You will have to spend quite a lot of time hunting animals and picking up objects from the world, this might seem tedious but you can turn off the collecting animation in the settings. When you start the game you firstly collect materials to build a bow, which proves to be a vital weapon in the game. The hunting feels great and you can even use your hunter vision to scope out areas and even follow animal scents and blood trails. It’s important to note that there are obviously no guns, and you will have to use things like your bow, spears, club and other basic weaponry. I liked this though, as it makes the situation feel desperate and makes the world even more immersive.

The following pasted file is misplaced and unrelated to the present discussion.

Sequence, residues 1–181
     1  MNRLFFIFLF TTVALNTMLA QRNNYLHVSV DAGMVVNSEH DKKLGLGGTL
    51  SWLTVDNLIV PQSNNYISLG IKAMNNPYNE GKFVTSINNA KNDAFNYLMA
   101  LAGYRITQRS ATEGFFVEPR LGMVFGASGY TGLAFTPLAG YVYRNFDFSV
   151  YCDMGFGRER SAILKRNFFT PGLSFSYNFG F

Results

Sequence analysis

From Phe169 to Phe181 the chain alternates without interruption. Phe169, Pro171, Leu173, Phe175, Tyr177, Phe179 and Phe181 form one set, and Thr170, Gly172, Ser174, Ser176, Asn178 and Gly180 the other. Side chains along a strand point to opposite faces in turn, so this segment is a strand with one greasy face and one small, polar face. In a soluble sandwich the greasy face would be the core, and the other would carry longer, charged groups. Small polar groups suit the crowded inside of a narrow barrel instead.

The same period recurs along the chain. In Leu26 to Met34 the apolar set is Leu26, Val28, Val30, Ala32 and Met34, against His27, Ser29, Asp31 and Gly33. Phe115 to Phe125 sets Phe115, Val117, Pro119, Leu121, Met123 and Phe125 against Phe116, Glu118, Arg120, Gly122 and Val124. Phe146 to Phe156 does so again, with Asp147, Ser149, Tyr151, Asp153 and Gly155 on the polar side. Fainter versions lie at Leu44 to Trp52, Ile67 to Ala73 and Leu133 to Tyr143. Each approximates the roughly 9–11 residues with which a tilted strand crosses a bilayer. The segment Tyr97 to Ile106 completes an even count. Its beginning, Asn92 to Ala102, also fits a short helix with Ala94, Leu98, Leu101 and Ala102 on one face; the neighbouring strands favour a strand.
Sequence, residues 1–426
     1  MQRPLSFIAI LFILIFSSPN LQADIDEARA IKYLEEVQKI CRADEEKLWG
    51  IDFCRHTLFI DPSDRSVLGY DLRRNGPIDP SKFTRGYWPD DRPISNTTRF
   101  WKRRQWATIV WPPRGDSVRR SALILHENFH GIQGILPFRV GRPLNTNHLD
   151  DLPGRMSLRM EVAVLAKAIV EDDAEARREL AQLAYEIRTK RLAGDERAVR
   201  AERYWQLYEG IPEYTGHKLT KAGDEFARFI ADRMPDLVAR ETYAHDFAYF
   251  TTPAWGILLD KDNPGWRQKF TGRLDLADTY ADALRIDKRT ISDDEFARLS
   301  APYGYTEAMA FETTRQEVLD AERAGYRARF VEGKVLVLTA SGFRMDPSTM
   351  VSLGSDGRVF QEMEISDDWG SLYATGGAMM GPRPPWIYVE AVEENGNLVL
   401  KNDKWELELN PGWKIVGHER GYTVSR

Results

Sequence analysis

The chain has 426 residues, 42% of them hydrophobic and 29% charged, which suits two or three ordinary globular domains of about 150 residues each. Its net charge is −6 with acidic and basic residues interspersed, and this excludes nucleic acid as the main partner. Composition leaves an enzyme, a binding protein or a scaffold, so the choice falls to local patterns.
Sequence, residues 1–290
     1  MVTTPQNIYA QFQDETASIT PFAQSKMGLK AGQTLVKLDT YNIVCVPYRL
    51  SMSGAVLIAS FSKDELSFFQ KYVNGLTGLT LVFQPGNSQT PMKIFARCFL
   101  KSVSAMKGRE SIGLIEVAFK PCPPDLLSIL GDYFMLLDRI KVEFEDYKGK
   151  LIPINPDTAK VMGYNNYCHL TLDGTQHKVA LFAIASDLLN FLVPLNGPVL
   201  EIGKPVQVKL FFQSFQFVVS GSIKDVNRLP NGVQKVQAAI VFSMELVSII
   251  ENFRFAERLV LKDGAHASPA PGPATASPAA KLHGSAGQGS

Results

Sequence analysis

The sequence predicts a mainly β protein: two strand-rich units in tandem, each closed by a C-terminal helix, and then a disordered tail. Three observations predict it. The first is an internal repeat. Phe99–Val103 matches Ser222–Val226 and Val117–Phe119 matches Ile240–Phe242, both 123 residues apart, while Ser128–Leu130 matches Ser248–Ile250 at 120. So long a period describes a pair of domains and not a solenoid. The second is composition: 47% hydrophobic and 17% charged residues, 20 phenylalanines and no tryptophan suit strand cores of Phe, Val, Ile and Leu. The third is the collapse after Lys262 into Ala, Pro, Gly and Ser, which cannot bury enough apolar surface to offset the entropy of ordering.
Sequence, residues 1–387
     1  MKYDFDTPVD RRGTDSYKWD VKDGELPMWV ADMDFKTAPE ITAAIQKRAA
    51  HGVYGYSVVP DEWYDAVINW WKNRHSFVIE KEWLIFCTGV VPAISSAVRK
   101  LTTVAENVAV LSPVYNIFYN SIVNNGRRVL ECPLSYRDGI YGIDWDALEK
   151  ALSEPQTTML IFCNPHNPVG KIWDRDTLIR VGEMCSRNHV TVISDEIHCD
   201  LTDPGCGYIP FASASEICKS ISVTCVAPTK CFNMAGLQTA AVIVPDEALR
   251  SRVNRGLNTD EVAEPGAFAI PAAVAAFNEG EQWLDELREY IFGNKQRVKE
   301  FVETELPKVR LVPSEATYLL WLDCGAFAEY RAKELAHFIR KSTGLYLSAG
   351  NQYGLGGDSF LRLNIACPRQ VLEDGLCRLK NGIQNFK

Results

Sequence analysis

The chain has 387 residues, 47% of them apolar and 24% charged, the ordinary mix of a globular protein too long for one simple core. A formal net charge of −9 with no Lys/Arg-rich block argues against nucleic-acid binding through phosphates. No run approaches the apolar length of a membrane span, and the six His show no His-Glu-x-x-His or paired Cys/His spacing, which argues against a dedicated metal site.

The biggest and most interesting change in this latest installment is the ability to tame certain wild animals to help you and fight by your side. I started by gaining the help of an owl that has the ability to fly high above the world and scope out locations. You can then go on to tame animals like wolves, tigers and even bears, which can be used to attack enemy tribesmen. The combat is awesome and gives you the option to silently take out enemies or go in literally blazing, with fiery spears and clubs. I thought when starting the game that the combat would be limited, but every aspect of Far Cry 4 has somehow been implemented in interesting and unique ways in Primal. The animals you tame almost act as the ‘special’ and more powerful weapons in previous games. Overall I felt that the combat felt chaotic, brutal and ultimately refreshing.